John McCain is getting beaten by a woman, and it’s not Hillary Clinton. It’s Elizabeth Edwards.
In unveiling his health care plan, McCain seems super-focused on the fact that many more people could be denied coverage because of “pre-existing conditions,” as he seeks to shift people from employer-based coverage to the individual insurance market, with some assistance from a tax credit.
Elizabeth Edwards pointedly has challenged McCain, saying that an American with her or his health history would be denied under McCain’s plan in the individual insurance market. (To be fair, the Los Angeles Times made this point earlier.) She’s absolutely right.
And because of this, McCain has a liability. He even has a “myth and facts” section of his website designed to counter exactly one, and only one, myth:
“MYTH: Some Claim That Under John McCain’s Plan, Those With Pre-Existing Conditions Would Be Denied Insurance.
FACT: John McCain Supported The Health Insurance Portability And Accountability Act In 1996 That Took The Important Step Of Providing Some Protection Against Exclusion Of Pre-Existing Conditions.
FACT: Nothing In John McCain’s Plan Changes The Fact That If You Are Employed And Insured You Will Build Protection Against The Cost Of Any Pre-Existing Condition.
FACT: As President, John McCain Would Work With Governors To Find The Solutions Necessary To Ensure Those With Pre-Existing Conditions Are Able To Easily Access Care.”
The multiple “facts” don’t really the answer the charge. The “myth” is a factual statement. Where do those those with “pre-existing conditions” go under the McCain plan? Some will get left behind. In the new twist to the slim pickings already on his website, McCain would now have states figure out how to solve the issue of the “uninsurables.” .The New York Times coverage by Michael Cooper and Kevin Sack focus on this aspect. Bob Laszewski from Health Care Policy and Marketplace Review thinks McCain has opened a major liability for himself.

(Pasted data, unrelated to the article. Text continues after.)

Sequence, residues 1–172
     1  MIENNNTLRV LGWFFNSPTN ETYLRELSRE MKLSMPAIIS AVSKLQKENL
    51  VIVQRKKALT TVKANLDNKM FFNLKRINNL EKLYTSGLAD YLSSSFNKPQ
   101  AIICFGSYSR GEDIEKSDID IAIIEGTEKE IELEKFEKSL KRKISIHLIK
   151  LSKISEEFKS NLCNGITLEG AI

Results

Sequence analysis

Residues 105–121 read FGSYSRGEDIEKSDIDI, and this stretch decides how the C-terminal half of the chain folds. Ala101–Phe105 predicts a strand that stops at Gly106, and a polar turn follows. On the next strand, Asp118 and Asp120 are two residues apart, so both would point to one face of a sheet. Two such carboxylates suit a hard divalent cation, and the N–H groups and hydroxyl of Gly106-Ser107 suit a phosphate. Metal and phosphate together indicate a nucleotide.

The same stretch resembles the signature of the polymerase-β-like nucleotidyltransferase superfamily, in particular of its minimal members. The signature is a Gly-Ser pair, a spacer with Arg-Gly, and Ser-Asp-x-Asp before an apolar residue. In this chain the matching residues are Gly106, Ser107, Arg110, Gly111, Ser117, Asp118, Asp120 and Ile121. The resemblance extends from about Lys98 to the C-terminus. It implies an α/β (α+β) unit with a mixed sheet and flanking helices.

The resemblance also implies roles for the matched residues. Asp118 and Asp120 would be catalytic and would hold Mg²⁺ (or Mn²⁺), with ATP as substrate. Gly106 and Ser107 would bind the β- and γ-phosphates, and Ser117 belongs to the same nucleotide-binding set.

I think the Democratic rivals made good responses but didn’t quite capture the central critique of this plan in their responses.
* Some of what they say is a criticism of what is *not* in McCain’s plan, which indicates it lacks a certain ambition, but doesn’t really say why the proposal is still not an improvement from the status quo. (Frankly, it doesn’t take much.)
* Clinton appropriately criticizes state high-risk pools (and her statement–“virtually all high-risk pools today have waiting lists, high premiums, and scaled-back benefits”–is a dead-on description for California’s MRMIP, Managed Risk Medical Insurance Program, which now has a waiting list, is underfunded, has high premiums and a $75,000 benefit cap.)
* But in our current system, the state high-risk pools are an essential lifeline to coverage for many. The problem is not the high-risk pool itself, but the major people who are denied in the individual market, that the high-risk pool provides some comfort.
* The real issue is not the high-risk pools in the state as a solution, but that his plan seeeks to make the problem much bigger. The more he accomplishes his goal of moving people from group coverage (like that of their employer) to individual coverage, the more he creates the problem that he seeks to solve.
Here in California, Health Access California supports AB2 (Dymally) and other efforts to improve and better fund our high-risk pool, so more people, denied for pre-existing conditions, can at least get some coverage.
We were more pleased to support AB x1 1, the negotiated reform between the Governor and the Speaker, that included not only guaranteed issue–so no insurers could deny for health status–but it would expanded group coverage enough that there was a net decrease in the number of people having to get individual coverage.
This was important, because the individual market is fundamentally a place where the individual has little market power against the big insurers, as opposed to when they at least have the purchasing power of a group. McCain would place more people in the individual market.
So the criticism isn’t that McCain relies on state-based high-risk pools, it’s that he would increase the need for them in the first place.